Obesity in Pregnancy Tied to Cerebral Palsy Risk in KidsBut study authors stress that a cause-and-effect link wasn't proven
TUESDAY, March 7, 2017 (HealthDay News) -- Women who are overweight or obese during pregnancy may be increasing the chances that their baby could be born with cerebral palsy, a new study suggests.
Researchers looked at information on more than 1 million children born to Swedish women who were followed for nearly eight years.
"The overall risk of cerebral palsy was about 2 cases per 1,000 babies born," said lead researcher Dr. Eduardo Villamor, a professor of epidemiology at the University of Michigan in Ann Arbor. "Women with the most severe forms of obesity who have babies born at full term may have about twice that risk."
Moreover, the prevalence of cerebral palsy has increased in children born at full term, he noted.
However, Villamor stressed that the study findings only show an association between a woman's weight during pregnancy and the risk of cerebral palsy, not that maternal obesity causes the condition.
"Although the effect of maternal obesity on cerebral palsy may seem small compared with other risk factors, the association is of public health relevance due to the large proportion of women who are overweight or obese worldwide," Villamor said.
Cerebral palsy is a group of disorders that affect the ability to move and maintain balance and posture. It's the most common motor disability in childhood. The condition is caused by abnormal brain development or damage to the developing brain that affects the ability to control muscles, according to the U.S. Centers for Disease Control and Prevention.
Many people with cerebral palsy also have other health problems, such as intellectual disability, seizures, issues with vision, hearing or speech, changes in the spine, or joint problems.
Overweight and obesity in early pregnancy may increase the risk for a number of complications and can adversely affect the health of mothers and children, Villamor said.
Some studies suggest that weight loss before pregnancy may decrease some of these risks, he said.
"Although we don't know yet if this also applies to cerebral palsy, weight loss before pregnancy among overweight and obese women may offer some health benefits during and after pregnancy," Villamor said.
One obstetrician concurred.
"There continues to be evidence of many different repercussions and outcomes associated with being overweight or obese," said Dr. Siobhan Dolan, a medical advisor at the March of Dimes.
"All the data is pointing to the same issue -- that it's good to get to a healthy weight before pregnancy and to gain the right amount of weight during pregnancy," she said.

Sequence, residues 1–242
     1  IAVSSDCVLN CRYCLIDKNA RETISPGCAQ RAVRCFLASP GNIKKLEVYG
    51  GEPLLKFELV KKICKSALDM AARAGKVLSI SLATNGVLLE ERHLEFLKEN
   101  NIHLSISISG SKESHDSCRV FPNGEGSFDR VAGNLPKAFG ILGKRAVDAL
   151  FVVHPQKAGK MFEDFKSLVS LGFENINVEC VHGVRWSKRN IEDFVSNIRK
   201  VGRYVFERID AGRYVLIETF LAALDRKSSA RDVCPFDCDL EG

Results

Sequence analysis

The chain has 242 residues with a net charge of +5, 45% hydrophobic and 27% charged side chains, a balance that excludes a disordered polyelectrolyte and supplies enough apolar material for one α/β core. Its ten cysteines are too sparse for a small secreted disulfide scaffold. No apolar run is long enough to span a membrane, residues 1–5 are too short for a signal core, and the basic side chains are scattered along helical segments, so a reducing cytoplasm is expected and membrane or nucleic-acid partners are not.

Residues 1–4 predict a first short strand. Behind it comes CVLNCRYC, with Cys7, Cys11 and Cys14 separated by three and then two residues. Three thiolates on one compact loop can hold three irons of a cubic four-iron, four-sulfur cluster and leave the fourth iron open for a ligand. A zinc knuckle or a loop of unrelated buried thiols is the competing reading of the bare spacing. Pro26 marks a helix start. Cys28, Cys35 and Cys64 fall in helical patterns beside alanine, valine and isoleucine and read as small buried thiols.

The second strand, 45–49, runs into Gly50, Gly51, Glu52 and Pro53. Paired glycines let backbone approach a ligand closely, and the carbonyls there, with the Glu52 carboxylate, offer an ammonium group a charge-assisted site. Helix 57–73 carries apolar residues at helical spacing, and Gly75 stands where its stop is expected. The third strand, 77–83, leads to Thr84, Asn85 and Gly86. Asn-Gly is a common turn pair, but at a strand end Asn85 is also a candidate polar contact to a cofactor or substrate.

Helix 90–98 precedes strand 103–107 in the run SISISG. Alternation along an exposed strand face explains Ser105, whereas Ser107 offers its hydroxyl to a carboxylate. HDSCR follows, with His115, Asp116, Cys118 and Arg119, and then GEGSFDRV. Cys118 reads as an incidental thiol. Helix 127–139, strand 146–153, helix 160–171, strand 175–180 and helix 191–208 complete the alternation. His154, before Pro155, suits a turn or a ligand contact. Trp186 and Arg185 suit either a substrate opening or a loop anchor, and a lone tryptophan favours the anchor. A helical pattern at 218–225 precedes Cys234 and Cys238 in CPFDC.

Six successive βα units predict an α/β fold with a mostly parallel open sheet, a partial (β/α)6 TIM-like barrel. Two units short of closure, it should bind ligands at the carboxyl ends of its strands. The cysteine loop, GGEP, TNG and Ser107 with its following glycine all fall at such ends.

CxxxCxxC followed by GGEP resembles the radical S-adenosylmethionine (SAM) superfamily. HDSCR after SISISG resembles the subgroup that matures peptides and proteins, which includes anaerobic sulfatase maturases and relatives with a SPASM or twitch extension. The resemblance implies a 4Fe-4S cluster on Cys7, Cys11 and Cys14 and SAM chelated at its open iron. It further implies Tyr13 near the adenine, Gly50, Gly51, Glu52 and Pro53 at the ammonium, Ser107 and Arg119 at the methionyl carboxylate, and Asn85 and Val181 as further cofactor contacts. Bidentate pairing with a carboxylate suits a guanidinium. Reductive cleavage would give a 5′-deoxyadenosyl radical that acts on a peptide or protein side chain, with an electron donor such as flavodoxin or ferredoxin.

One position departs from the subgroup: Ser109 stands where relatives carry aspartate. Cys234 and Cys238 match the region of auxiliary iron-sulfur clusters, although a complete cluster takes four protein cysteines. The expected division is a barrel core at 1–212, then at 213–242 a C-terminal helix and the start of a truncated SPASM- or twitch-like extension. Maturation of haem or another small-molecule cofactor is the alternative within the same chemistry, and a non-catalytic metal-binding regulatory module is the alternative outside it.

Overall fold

For the study, Villamor and colleagues collected data on more than 1.4 million children born in Sweden from 1997 through 2011. More than 3,000 children were eventually diagnosed with cerebral palsy.
For infants born at full term, who accounted for 71 percent of all cerebral palsy cases, the association between maternal obesity and cerebral palsy was statistically significant. But it was not statistically significant for preterm babies, the researchers noted.
About 45 percent of the association between maternal weight and cerebral palsy in full-term children was seen in infants who had breathing complications, they added.
The report was published March 7 in the Journal of the American Medical Association.
A cerebral palsy expert said maternal obesity isn't the only risk factor for the condition.
"About 30 to 40 percent of cerebral palsy is genetic," said Dr. David Roye, executive director of the Weinberg Family Cerebral Palsy Center at Columbia University in New York City. He is also the medical director of the Cerebral Palsy Foundation.
But environmental factors linked to obesity, such as high blood pressure, diabetes and hormonal abnormalities, might trigger a genetic predisposition for the condition, he added.
"As you are planning a pregnancy and entering pregnancy you want to be healthy," Roye said. Being at your best includes maintaining a healthy weight, avoiding smoking and alcohol and continuing to exercise, he said.
The time to lose weight is before you become pregnant, Roye stressed.
"It would be wrongheaded for someone, particularly after they became pregnant, to decide they are going to lose weight -- that's not a good plan," he said. "You should be at your best and fittest before you go into the pregnancy."
SOURCES: Eduardo Villamor, M.D., professor, epidemiology, University of Michigan, Ann Arbor; David Roye, M.D., executive director, Weinberg Family Cerebral Palsy Center, Columbia University, New York City, and medical director, Cerebral Palsy Foundation; Siobhan Dolan, M.D., medical advisor, March of Dimes; March 7, 2017, Journal of the American Medical Association
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